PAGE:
Art, Life, Legacy: Northern European Paintings in the Collection of Isabel and Alfred Bader opens with an array of biblical scenes, primarily drawn from the Hebrew Bible, grouped according to key themes reflecting Alfred Bader’s life story: generosity, sacrifice, struggle, faith, family, and journey. Other sections of the exhibition examine mythological scenes, the construction of identity, and the way that global trade and colonial expansion both built the wealth and prestige of the Dutch Republic during this period, but also fundamentally shifted their view of the world.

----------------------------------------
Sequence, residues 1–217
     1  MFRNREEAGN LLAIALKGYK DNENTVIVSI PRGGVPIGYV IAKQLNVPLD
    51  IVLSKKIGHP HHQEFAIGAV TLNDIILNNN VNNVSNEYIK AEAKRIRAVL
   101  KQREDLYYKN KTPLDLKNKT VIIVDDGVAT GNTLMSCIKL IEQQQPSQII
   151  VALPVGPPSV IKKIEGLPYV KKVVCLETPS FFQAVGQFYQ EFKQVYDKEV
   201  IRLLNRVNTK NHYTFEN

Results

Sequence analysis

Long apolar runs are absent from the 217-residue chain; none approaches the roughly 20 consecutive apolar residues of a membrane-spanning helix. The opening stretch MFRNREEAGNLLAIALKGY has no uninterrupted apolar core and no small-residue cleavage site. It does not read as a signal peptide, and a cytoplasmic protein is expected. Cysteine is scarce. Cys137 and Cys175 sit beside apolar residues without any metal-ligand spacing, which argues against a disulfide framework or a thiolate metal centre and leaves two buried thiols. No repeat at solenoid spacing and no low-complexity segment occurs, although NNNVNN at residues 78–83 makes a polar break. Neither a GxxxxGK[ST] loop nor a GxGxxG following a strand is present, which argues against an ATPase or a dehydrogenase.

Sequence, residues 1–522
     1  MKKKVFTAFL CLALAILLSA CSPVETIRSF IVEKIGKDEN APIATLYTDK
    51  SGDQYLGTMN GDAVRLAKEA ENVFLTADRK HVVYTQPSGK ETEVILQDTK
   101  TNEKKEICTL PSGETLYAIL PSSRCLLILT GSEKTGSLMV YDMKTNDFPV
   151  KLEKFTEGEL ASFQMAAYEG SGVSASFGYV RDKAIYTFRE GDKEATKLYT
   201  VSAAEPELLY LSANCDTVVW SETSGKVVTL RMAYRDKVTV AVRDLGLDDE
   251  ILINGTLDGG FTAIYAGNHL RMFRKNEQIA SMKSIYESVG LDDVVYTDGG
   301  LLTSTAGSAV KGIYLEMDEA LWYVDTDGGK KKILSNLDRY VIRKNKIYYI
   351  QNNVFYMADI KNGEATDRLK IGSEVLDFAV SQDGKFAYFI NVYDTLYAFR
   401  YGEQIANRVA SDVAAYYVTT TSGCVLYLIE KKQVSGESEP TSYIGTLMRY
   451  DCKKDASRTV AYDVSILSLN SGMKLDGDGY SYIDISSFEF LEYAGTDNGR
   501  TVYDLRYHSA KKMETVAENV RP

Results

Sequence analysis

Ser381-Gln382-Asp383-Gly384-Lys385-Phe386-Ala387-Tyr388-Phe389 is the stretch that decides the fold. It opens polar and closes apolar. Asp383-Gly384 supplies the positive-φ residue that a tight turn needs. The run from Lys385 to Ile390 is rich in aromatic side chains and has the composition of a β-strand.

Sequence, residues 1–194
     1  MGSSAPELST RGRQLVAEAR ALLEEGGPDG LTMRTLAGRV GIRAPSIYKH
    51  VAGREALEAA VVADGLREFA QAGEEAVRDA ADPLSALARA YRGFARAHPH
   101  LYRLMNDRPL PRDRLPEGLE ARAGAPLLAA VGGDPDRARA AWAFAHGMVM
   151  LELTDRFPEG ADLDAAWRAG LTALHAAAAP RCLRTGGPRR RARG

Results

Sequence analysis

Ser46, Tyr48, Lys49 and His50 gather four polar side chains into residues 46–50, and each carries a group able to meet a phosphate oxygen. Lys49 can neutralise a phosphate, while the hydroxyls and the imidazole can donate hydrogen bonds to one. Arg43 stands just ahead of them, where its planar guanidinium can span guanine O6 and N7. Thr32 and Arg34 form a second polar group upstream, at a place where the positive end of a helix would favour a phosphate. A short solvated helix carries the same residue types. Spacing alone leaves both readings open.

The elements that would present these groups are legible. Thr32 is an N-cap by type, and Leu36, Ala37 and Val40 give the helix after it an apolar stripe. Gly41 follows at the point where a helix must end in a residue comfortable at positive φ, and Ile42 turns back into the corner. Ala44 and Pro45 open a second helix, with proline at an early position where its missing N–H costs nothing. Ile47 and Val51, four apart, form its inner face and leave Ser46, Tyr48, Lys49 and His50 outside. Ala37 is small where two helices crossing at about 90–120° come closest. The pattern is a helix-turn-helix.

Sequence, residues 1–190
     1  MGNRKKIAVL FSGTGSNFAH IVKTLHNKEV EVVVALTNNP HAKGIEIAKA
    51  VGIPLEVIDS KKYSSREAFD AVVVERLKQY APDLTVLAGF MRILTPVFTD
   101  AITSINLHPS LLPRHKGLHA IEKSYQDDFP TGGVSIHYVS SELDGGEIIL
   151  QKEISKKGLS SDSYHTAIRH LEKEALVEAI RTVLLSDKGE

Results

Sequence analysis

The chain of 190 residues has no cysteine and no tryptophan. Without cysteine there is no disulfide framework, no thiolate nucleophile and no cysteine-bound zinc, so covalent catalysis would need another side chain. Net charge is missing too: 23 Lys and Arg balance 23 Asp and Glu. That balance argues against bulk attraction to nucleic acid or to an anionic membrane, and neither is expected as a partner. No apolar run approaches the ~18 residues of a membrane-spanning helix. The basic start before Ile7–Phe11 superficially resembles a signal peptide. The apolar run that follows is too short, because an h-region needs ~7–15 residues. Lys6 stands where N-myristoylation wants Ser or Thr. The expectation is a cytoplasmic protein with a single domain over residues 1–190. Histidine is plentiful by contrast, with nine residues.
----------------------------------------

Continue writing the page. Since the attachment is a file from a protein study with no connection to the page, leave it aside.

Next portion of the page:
“Dr. Alfred Bader’s extraordinary story and the principles by which he lived are intrinsically linked to the paintings that the Milwaukee Art Museum has the privilege of presenting in Art, Life, Legacy,” said Tanya Paul, exhibition curator and the inaugural Isabel and Alfred Bader Curator of European Art. “This exhibition reflects Isabel and Alfred’s legacies as dedicated connoisseurs, researchers, and educators and extends their profound impact on the Museum and the Milwaukee community. I am delighted to welcome visitors this fall to celebrate their history of generosity and explore these extraordinary works.”

Among the notable works featured in the exhibition are:

  • Head of an Old Man in a Cap, a luminous character study completed by Rembrandt van Rijn ca. 1630, one of five artworks in the exhibition by or attributed to the Dutch master;